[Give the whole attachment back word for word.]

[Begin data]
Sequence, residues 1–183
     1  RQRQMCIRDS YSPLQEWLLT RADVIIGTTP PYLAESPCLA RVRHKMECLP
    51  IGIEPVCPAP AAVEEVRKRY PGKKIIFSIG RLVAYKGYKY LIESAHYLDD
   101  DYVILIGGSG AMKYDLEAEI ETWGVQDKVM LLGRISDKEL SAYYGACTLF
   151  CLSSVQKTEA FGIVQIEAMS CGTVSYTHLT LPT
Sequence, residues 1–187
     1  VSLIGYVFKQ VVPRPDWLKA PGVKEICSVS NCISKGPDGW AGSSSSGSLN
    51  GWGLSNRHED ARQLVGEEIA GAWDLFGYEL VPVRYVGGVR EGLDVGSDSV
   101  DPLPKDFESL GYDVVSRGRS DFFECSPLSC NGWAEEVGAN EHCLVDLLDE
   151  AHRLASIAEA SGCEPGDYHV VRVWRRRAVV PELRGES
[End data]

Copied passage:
Sequence, residues 1–183
     1  RQRQMCIRDS YSPLQEWLLT RADVIIGTTP PYLAESPCLA RVRHKMECLP
    51  IGIEPVCPAP AAVEEVRKRY PGKKIIFSIG RLVAYKGYKY LIESAHYLDD
   101  DYVILIGGSG AMKYDLEAEI ETWGVQDKVM LLGRISDKEL SAYYGACTLF
   151  CLSSVQKTEA FGIVQIEAMS CGTVSYTHLT LPT
Sequence, residues 1–187
     1  VSLIGYVFKQ VVPRPDWLKA PGVKEICSVS NCISKGPDGW AGSSSSGSLN
    51  GWGLSNRHED ARQLVGEEIA GAWDLFGYEL VPVRYVGGVR EGLDVGSDSV
   101  DPLPKDFESL GYDVVSRGRS DFFECSPLSC NGWAEEVGAN EHCLVDLLDE
   151  AHRLASIAEA SGCEPGDYHV VRVWRRRAVV PELRGES